Reading the title, one might believe they’re about to read a guest post about an unusual case where a teacher was able to double their income through side hustles, freelancing, or other similar means.
While this may sound like a rare feat and one difficult to relate to, the teacher in question is actually me, and I can assure you it’s not as impossible as you might think.
Tawnya here, and today I want to detail how I was able to double my income in 6 years and how other teachers can do it too.
I was salaried at $35,880 my first year as a teacher and I’m now at $72,153 in my 7th year.
And the best part is doubling my teaching income has had nothing to do with side hustling, freelancing, tutoring, or anything other than my primary teaching job.
Although I do side hustle, I’ve also been steadily working to increase my primary teaching salary since I started 6 years ago.
Some of what’s made this jump possible is under my control and some of it isn’t, but the main thing I wish to impart on fellow teachers is that paying attention to those things you can control can significantly impact your income.
So without further ado, let me teach you how to hack your teaching job to ensure you’re getting the most out of all the hard work you do.
Here’s how I doubled my teaching income in 6 years.
Know Your Salary Scale: The Key To Doubling Your Teaching Income
The first step in increasing your teaching income is to understand how your salary schedule works.
Salaries vary greatly from district to district and from state to state, but what almost all will have in common is a salary schedule table showing how much you will make based on your years of experience and education.
While your districts salary schedule will look different, it’s important for you to understand the criteria by which you’re paid and to pinpoint what you can do to increase your salary.
Next, I’ll detail the factors that will help you increase your teaching salary and explain how I used these factors to double my income in just 6 years.
Once you know what factors you can impact, you can make a plan to start working to increase your income. For most, the key to increasing your income will be increasing your level of education.
In Oregon you’re required to have at least a Bachelor’s degree to teach, however, your income will increase with your level of education.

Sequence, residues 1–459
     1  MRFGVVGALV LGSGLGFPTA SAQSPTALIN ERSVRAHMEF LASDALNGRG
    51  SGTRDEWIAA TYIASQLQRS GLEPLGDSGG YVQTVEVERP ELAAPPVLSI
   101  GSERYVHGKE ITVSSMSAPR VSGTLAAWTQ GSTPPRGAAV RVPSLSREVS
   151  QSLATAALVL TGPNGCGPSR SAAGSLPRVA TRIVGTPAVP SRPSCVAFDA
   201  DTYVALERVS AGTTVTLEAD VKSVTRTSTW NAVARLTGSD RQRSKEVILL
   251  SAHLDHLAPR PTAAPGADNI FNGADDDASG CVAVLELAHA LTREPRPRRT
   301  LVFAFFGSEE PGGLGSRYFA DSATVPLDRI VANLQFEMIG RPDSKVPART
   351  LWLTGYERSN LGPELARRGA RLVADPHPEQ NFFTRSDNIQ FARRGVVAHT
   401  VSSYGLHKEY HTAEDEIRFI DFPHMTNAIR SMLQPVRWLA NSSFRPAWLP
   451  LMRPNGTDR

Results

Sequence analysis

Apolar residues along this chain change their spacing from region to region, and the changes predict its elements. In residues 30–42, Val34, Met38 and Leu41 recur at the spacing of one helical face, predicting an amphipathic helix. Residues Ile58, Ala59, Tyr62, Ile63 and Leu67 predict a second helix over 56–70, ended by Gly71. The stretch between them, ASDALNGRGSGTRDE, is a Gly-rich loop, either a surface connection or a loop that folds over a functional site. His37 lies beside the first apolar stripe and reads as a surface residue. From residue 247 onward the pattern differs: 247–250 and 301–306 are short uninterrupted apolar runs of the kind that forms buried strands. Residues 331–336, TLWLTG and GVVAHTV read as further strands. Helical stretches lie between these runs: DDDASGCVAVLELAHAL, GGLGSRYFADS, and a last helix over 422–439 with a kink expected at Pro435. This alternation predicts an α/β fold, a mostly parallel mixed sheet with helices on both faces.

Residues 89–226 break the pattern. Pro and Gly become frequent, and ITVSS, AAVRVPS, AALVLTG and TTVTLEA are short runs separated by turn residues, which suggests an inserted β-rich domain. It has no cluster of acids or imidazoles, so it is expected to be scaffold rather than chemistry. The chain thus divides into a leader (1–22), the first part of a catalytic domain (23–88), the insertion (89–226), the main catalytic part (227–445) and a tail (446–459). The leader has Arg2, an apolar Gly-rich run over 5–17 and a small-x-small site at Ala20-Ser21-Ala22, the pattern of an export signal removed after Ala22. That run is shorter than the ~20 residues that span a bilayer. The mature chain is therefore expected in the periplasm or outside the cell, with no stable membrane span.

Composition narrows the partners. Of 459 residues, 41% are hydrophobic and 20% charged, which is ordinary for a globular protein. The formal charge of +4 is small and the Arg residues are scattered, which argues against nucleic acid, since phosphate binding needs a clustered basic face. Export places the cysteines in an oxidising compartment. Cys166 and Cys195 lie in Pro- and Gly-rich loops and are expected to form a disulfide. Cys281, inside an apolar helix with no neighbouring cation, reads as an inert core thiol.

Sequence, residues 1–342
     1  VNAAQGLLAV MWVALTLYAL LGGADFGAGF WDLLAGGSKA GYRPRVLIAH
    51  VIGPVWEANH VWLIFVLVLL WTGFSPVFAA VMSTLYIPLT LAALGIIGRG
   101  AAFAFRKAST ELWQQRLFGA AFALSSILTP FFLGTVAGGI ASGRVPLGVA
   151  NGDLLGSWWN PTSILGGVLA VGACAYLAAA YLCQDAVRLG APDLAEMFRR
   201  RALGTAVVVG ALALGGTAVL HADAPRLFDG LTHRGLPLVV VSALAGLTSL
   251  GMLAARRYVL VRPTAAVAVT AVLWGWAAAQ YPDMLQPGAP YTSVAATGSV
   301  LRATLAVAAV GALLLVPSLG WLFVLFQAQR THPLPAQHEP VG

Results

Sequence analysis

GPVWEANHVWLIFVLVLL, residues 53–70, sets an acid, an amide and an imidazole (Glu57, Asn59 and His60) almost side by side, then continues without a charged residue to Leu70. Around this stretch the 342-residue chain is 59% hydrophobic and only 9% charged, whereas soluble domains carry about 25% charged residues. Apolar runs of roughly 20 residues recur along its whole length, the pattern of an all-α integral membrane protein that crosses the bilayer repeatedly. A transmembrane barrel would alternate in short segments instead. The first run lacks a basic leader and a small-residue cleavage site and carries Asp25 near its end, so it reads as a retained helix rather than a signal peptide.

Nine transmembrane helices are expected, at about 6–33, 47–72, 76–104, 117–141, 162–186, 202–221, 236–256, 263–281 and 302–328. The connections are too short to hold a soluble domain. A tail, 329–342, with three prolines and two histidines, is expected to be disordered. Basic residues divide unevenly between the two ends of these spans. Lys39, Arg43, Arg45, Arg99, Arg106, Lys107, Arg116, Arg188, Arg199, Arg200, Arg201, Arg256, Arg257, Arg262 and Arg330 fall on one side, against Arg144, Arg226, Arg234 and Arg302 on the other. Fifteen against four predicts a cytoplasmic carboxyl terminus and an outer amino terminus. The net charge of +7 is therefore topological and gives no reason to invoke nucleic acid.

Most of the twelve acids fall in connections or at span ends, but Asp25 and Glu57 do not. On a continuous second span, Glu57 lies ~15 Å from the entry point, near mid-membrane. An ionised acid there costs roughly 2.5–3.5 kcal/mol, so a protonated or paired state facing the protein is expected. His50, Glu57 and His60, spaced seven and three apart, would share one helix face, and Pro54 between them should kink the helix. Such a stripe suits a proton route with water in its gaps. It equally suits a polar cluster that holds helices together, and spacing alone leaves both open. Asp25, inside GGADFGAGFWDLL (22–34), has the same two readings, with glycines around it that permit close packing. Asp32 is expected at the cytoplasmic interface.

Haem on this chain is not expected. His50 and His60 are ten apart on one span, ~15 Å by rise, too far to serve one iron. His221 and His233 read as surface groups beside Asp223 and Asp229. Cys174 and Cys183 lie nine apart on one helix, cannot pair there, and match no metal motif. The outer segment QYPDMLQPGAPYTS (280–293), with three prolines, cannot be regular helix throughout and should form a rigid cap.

The quickest way to jump up the scale in my district is to earn a Master’s degree, which will bump you up 4 steps and almost $10,000. If your district uses a similar scale to determine your pay, you’ll likely see a similar large jump between a Bachelor’s and Master’s degree.
As I already mentioned, I started out salaried at $35,880 my first year at the very bottom of the pay scale. Even though I’d completed a ton of Master’s coursework in the process of earning my teaching license, I was still considered Bachelors +0 because I hadn’t completed my Masters yet.
Thus, the first major step I took in increasing my income was to finish my Master’s degree within my first year as a teacher.
Many of my cohort and other teacher friends chose to put off finishing the Master’s for a couple years, but my choice to finish it as soon as possible meant I received almost a $10,000 bump in pay.
Not only did I jump up to Masters +0, I had gained a year of experience and so moved down one step on the scale as well.
Even if you don’t count the step increases for experience, my choice to finish the Master’s immediately meant that I was able to earn $10,000 more a year than those who waited until years later to finish their Master’s.
While completing a Master’s degree is the quickest way to jump up the pay scale, you can achieve the same effect by taking continuing education classes.
You can also take continuing education classes after completing a Master’s and thus move up the pay scale even further, as I did. In fact, continuing education is the main thing that doubled my teaching income in such a short time.
Not only will continuing education allow you to make more money faster, they’re typically something you’ll need to do anyway to renew your license.
Furthermore, most districts will offer some form of continuing education reimbursement as part of your benefits. In my case, my district will pay for up to 6 graduate credits a year.